Mike Hailwood retired from top competition motorcycling on the same day that Honda left racing at the end of 1967. Soichiro Honda was so interested in preserving the British legacy with the company (35 Grands Prix and 4 World Championships) that he paid him 50.000 pounds (almost 1 million pounds today) to be retired.
Hailwood made occasional non-championship appearances in subsequent years before signing with John Surtees to drive Formula 1 and Formula 2. He retired after a serious accident in a McLaren in 1974 and emigrated to New Zealand, where he grew bored and lost hair. slowly. Bald, overweight and still limping from the 1974 accident, Hailwood visited the Isle of Man in 1977 and signed a large contract with the organizers to compete in some events at the 1978 TT.
Cynics said he was doing it solely for the money. After all, he hadn't raced in the TT since 1967. Had his divine abilities faded?
Hailwood, as always, was indifferent to everything. "I'm not making a comeback, I'm just coming back after 11 years," he joked. "I've always loved driving around the island, I think I'm going to be competitive."
His plans soon came to fruition. The 38-year-old wanted to drive a Ducati in the Formula 1 category (Senior category at the time) and a two-stroke Yamaha in the Junior, Senior and Classic categories, all equipped with Dunlop tires. He prepared for his return by racing some races in Australia, where he was surprised by the advances in technology during the time he had been away.
"The most modern motorcycles have tremendous grip and fantastic stopping power, so not only do I have to relearn the TT circuit, but I also have to relearn how to ride," he said. "Do not expect miracles ...".
Then the training began. Mechanic Pat Slinn remembers Hailwood returning to the box after his first session with the 900cc Ducati, prepared by the brand for the occasion in Manchester. “He arrived, gave the bike to Franco (Farni, Ducati's Chief Mechanic), took off his helmet and commented:“ I haven't forgotten anything, every pothole is still there ”. When he smashed the track record a few sessions later, Farni thought his timer had been broken. He can not believe it."
Until that lap record in practice, the favorite in the class was last year's winner Phil Read, one of Hailwood's biggest rivals in the previous decade. Read had been driving since the late 50s and although he had given up on a few Grands Prix, he was still a serious contender, especially with his Honda specifically tuned for the TT.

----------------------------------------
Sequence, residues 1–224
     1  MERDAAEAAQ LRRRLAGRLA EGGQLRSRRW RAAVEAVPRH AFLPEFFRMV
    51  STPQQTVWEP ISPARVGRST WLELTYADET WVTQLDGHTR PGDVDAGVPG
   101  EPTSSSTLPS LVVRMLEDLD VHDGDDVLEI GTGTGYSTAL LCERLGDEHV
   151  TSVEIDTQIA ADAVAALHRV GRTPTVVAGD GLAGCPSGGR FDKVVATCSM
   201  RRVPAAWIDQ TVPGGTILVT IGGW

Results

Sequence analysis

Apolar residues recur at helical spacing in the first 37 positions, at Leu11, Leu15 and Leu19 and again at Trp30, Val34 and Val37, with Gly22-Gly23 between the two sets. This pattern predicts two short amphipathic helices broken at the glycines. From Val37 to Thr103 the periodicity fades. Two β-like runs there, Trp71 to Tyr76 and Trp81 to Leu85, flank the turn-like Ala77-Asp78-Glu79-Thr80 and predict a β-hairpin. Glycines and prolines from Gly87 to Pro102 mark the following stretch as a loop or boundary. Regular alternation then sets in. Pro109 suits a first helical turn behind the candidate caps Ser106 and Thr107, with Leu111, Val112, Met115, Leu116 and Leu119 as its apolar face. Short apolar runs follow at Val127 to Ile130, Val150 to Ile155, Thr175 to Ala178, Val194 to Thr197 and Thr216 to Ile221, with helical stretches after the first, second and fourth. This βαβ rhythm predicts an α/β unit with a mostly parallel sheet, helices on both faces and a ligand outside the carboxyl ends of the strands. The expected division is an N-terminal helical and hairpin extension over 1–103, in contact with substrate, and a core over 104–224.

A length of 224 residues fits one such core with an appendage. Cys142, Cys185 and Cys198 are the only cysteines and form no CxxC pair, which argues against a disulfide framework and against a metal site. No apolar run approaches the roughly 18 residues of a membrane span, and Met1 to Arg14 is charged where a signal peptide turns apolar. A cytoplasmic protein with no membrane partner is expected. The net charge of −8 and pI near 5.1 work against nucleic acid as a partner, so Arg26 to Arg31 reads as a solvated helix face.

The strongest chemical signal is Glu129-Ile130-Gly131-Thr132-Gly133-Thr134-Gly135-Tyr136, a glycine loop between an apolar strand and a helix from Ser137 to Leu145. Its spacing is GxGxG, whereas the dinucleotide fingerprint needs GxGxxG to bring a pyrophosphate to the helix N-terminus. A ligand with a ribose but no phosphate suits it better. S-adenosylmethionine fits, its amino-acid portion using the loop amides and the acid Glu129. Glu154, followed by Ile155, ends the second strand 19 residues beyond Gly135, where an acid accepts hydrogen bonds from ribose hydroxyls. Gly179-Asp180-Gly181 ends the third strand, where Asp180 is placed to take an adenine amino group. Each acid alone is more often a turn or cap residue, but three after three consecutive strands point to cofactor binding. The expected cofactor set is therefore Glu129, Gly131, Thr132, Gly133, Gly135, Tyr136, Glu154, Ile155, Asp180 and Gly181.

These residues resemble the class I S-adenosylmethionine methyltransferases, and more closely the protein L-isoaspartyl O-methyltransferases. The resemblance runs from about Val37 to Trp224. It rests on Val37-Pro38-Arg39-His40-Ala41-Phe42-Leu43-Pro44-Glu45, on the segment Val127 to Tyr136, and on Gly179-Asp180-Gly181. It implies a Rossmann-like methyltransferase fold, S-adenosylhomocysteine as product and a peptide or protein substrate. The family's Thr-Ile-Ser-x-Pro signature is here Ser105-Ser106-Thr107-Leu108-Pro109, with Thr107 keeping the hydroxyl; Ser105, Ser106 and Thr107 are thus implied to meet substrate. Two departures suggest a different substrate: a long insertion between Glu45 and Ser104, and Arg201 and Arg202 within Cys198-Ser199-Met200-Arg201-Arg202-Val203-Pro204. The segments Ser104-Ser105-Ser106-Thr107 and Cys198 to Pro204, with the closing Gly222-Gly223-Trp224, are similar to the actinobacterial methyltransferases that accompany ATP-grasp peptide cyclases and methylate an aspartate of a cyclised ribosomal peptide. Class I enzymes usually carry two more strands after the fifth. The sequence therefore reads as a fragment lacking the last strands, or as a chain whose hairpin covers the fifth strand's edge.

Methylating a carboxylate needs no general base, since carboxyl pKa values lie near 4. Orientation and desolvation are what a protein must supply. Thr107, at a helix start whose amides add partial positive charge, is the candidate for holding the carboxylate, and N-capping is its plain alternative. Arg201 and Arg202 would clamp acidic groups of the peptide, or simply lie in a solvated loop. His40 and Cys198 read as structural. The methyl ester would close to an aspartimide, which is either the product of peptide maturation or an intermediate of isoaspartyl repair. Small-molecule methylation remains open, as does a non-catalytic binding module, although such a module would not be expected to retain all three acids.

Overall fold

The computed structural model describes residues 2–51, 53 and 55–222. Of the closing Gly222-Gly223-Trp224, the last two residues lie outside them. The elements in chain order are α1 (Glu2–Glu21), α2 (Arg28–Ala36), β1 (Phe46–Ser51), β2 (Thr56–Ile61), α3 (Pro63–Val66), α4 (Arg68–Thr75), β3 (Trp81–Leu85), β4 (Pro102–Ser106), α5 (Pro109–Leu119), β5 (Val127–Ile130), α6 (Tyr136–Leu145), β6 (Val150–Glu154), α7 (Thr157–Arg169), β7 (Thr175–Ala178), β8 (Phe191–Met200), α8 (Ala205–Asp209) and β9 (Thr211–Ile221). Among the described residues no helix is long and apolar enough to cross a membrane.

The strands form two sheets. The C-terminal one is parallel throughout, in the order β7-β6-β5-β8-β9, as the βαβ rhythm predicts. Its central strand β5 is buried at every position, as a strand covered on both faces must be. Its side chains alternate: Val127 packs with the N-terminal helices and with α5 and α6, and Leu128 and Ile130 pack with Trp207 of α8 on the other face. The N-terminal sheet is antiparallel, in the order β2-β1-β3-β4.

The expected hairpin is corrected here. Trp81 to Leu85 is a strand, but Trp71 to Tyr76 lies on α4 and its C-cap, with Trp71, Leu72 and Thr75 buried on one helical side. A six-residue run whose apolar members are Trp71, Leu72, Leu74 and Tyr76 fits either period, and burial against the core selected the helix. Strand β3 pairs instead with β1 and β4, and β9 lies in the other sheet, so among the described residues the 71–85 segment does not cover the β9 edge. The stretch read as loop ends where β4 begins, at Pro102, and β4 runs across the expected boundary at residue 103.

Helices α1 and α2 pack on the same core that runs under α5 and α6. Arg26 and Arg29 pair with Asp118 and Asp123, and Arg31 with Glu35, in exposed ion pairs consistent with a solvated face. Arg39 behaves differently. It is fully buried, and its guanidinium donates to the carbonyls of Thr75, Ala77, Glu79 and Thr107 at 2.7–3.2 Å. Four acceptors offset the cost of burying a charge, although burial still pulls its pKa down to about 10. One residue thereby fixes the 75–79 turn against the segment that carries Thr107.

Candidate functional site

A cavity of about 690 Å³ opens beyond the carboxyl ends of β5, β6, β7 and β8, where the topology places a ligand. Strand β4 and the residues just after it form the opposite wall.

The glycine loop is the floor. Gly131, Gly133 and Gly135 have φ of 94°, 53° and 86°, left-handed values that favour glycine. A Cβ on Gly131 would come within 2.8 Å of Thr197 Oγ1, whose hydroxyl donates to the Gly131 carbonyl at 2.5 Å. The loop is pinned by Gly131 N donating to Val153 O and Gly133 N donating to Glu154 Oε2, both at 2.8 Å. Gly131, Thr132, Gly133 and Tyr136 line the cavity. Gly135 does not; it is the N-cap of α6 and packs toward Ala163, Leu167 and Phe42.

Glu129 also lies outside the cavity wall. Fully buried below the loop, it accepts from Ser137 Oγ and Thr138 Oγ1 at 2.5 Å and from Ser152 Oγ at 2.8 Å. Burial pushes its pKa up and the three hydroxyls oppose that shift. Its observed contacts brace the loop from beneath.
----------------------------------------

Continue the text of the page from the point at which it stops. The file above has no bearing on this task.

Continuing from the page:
As the current champion, Read started first. Hailwood escaped behind him just as the starting order ended, heading down the hill 50 seconds later. His Ducati had a rear Dunlop slick and a front tread tire, as the TT layout did not generate enough heat in the front tire to make the slicks viable.
"I decided to drive just 90 percent and see how things were going when I got to the signaling station at the Gooseneck." Hailwood's confidence belied his speed, and the news as the “Gooseneck” passed, 22 miles in the first of its 6 laps (37 miles and three-quarters each), was good. He had already overtaken the Honda of Northern Irishman Tom Herron and had completed the first lap at 109.87 miles per hour. A minute and a half faster than Read's previous record!
Midway through the 226-mile race, Hailwood caught up with Read as they were both ascending the Mountain. The two old workhorses together again. As one reporter noted: “For Read it must have been like a nightmare. He was being chased up the mountain in the dark, knowing that sooner or later they were going to catch up with him. "
When Herron pulled out - both of his rear suspension mounts were fractured - and Read's Honda began to emit disturbing smoke, the result was beyond doubt. Hailwood finished the final two laps to the roar of tens of thousands of shirtless fans, bathed in the sun and cheerfully waving their programs. The fairy tale had come true, with a return to the paddock in which grown men, and for whom "Mike the Bike" was an idol of their childhood, cried really emotional.
Hailwood won the race more than 2 minutes ahead of Merseyside driver John Williams, who lost his life two months later in another street race, the Ulster Grand Prix.
He even confessed that it had been too much even for him: "I have to admit that I got a bit excited when I got off the bike," he said. Later, he lost his romanticism again and regained his usual dryness. “I'm glad it's all over. The piloting was the least complicated part. In fact, it was the only time I was able to relax and enjoy myself. The rest was a bit irritating, I had to give a million interviews and I couldn't step outside the hotel without attracting attention ... Basically it was a damn foolish idea that turned out reasonably well. "
However, he returned one last time in 1979 when he won again, this time in the Senior category with a Suzuki RG500 two-stroke. In the classic category he was defeated with the same bike, for only two seconds. "This is the first time I have finished second in the TT," he cheerfully commented.
Article made by Mat oxley for Dunlop's #GreatFightbacks campaign on the ten greatest feats of motorsport.
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